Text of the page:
Timothy Pratt writes from Las Vegas, Nevada. This story was originally published in his blog, Back to Work. If you would like to contribute as a citizen journalist to The Huffington Post‘s coverage of American political life, please contact us at






Low Mortgage Rates — Finally Having Impact on Housing Market?

January 25, 2012 Leave a comment

CIN Alert for January 24, 2012

Vicky and Joe had always dreamed of buying a nice neat home in a Northern city suburb. That dream came true in 1972 when they purchased a Cape Cod style three bedroom home for $45,000 with a 30-year fixed-rate mortgage of 7.5%.

Joe remembers telling Vicky at the time that they would never see rates that low again, and over most of the next 40 years he was right.

However, something quite unusual has happened during the past several years: mortgage rates have plummeted to new record low levels, most recently 3.88 %. Of course, Joe and Vicky, now retired, don’t need the low rates anymore, but for many others – including their kids and grandkids — those rates seem very inviting.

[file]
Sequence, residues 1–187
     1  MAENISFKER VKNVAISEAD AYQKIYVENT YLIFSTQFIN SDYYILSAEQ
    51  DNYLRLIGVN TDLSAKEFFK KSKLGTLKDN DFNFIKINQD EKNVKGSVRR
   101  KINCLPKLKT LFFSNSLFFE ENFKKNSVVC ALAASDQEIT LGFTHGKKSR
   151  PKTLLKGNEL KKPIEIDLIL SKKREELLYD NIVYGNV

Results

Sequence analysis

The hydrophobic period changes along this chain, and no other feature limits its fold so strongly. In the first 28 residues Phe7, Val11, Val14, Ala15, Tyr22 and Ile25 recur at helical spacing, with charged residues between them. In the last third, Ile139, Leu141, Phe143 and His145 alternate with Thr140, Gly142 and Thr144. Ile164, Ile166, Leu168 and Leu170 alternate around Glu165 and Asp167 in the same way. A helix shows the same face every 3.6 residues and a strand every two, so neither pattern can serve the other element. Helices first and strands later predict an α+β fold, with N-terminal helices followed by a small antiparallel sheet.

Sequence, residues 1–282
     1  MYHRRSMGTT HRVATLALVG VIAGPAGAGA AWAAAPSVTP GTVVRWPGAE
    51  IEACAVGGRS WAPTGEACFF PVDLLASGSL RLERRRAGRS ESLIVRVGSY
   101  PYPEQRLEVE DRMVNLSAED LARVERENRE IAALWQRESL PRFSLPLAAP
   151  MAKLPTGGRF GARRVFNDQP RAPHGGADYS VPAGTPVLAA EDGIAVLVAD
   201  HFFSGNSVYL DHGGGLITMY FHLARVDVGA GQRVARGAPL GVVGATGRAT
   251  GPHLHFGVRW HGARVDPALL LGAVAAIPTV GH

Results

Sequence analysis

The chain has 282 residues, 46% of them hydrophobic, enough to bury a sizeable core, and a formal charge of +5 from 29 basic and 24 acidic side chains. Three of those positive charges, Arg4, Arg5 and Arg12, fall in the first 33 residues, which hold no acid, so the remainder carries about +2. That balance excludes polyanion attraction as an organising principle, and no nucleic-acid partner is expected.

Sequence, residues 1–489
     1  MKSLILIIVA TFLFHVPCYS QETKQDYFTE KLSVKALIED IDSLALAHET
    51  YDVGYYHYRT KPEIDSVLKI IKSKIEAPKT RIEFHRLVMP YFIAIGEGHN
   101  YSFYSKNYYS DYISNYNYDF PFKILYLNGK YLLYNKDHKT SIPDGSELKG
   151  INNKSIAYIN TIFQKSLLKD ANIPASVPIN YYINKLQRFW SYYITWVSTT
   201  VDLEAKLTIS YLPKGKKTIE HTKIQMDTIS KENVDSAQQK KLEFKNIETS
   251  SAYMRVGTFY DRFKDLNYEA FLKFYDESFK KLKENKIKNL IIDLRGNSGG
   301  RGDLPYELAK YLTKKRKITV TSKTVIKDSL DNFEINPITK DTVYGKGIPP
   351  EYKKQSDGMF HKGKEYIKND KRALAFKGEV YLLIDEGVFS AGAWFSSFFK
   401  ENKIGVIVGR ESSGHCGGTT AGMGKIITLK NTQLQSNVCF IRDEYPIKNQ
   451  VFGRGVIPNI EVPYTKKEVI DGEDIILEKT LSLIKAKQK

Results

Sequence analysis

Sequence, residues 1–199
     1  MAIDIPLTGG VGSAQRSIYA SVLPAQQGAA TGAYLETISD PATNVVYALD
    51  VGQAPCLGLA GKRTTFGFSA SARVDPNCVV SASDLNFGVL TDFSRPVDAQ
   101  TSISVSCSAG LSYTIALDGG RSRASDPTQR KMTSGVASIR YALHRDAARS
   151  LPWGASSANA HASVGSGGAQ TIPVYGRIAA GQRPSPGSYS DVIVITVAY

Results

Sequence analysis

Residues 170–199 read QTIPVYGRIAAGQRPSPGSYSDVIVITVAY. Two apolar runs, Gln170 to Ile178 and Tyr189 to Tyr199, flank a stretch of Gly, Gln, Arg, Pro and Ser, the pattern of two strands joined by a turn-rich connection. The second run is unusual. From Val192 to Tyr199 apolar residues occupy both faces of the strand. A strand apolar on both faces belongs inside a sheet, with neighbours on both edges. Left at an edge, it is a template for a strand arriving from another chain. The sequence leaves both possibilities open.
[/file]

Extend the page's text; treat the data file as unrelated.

Inviting they may be, but the low rates have not thus far been able to trigger a strong stimulation of the US housing market as (sad to say) relatively few people qualified for the lower rates. High unemployment and small wage gains have made it harder for many people to qualify. Other would-be borrowers didn’t want to sink money into a home that they fear could lose value over the next few years.

However, new statistics just released would seem to indicate that things are beginning to change. Perhaps there is good news coming over the horizon.

“Existing home sales rose for the third consecutive month in December, according to data released Friday by the National Association of Realtors, which touts the upswing as a sign of recovery in the national housing market.

“Sales of existing homes rose to a seasonally adjusted rate of 4.42 million during the final month of the year, marking a 5% increase over the downwardly revised 4.39 million homes sold in November and a 4 percent increase over the 4.25 million homes sold in October.